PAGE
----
The embattled Boston Children’s Theatre has reinstated its artistic director, and striking staff have returned to work, but two more trustees have resigned as the company grapples with its biggest crisis in many years.
Burgess Clark, at the center of a raging controversy over nudity in a production of “One Flew Over the Cuckoo’s Nest,’’ has agreed to return as executive artistic director, theater representatives said Wednesday.
But the upheaval isn’t over. The financially struggling company is postponing its annual fund-raising gala, which was originally scheduled for May 16, until fall, executive director and producer Toby Schine told the Globe.
“Obviously, with this issue, we haven’t had the staff to do it well,’’ he said. The gala accounts for 10 to 12 percent of the theater’s annual revenues, according to Schine.
A total of three board members have stepped down since Saturday, including chairman Hank Miller, who abruptly announced his departure at an emergency board meeting Monday. Neither Clark nor any of the directors who resigned responded to Globe requests for comment.
The organization will “begin the healing process,” Schine said, by formally returning Clark to his post. “The board wants him back as artistic director. We’re going to move forward.’’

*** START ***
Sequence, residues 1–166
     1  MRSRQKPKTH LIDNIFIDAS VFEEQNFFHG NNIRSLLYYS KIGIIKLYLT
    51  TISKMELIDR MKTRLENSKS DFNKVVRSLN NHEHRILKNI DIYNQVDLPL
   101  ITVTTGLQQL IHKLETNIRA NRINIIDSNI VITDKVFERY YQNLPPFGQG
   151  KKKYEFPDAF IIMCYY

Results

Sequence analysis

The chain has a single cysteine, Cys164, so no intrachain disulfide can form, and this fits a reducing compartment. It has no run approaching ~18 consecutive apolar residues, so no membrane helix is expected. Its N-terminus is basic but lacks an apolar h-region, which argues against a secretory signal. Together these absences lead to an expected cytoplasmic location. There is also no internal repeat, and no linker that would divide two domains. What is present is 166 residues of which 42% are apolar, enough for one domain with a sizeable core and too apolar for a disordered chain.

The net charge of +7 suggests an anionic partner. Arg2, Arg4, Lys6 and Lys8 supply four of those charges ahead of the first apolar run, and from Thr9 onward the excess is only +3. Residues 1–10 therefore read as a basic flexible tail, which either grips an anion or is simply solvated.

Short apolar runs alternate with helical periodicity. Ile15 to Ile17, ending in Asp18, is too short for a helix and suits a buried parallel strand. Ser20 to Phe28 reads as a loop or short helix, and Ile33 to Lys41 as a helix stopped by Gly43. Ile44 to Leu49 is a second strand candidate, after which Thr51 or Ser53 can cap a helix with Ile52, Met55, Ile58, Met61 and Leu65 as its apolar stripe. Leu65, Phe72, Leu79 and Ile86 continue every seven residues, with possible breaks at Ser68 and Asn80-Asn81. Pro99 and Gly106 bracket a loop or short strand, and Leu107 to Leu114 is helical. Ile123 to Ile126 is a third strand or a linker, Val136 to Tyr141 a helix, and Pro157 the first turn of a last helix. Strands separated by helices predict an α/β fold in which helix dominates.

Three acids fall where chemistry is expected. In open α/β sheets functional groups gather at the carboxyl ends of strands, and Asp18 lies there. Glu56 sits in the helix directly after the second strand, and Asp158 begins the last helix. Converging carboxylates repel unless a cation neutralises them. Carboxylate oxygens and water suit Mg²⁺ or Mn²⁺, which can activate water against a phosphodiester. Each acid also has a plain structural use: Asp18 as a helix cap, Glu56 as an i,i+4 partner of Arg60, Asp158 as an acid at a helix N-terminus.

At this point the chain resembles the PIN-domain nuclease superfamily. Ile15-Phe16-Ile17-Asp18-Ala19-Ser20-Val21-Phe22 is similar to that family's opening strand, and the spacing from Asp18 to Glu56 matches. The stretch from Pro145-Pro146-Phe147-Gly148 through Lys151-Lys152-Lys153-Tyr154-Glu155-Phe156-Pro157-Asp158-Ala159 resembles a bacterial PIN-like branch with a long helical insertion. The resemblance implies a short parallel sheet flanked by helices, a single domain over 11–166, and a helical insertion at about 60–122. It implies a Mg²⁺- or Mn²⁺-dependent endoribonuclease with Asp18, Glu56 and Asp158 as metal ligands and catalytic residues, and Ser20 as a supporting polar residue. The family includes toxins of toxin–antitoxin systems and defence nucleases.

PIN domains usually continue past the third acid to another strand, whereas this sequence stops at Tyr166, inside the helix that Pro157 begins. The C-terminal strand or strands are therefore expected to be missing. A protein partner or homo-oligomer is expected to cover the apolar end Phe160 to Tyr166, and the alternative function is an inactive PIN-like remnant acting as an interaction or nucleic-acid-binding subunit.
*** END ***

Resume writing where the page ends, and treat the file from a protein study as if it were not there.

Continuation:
In the future, he said, the artistic side of the operation would communicate more with the board on a matter as explosive as onstage nudity. “We could’ve done it a lot better,’’ Schine said.
The crisis has arisen in a year when Boston Children’s Theatre seemed poised to turn the corner financially, while also expanding its artistic offerings.
Student enrollment in the theater’s programs is on the rise, show attendance has doubled in a year to 23,500, and ticket sales of $370,000 so far this fiscal year — even before “Cuckoo’s Nest” — are on track for a record, Schine said. But beneath those numbers lies a more fragile reality for the 66-year-old organization: late financial filings, slow payments to musicians and other freelancers, red ink that has flowed for years, and a heavy debt load, including a loan to the company from Clark himself.
The financial troubles predate Schine, 38, who arrived at Boston Children’s Theatre in 2009, when the organization was headquartered in a leaky basement office in the South End, its summer enrollment having skidded almost to zero. In the fiscal year ending September 2010, total revenue was $318,694, according to the theater’s public tax filings.
For many years the company has been relying on tens of thousands of dollars in loans from board members and executives to fund general operations, according to a Globe review of its tax filings. Some loans have been on the books for years, at times at relatively high interest rates.
Even Clark, the popular artistic director, loaned $16,000 to the theater in 2009 — a sum that was only repaid last year.
In collaboration with Schine, Clark has pushed the theater in venturesome directions, building a pre-professional training program for teenage actors called New England TheatreWorks.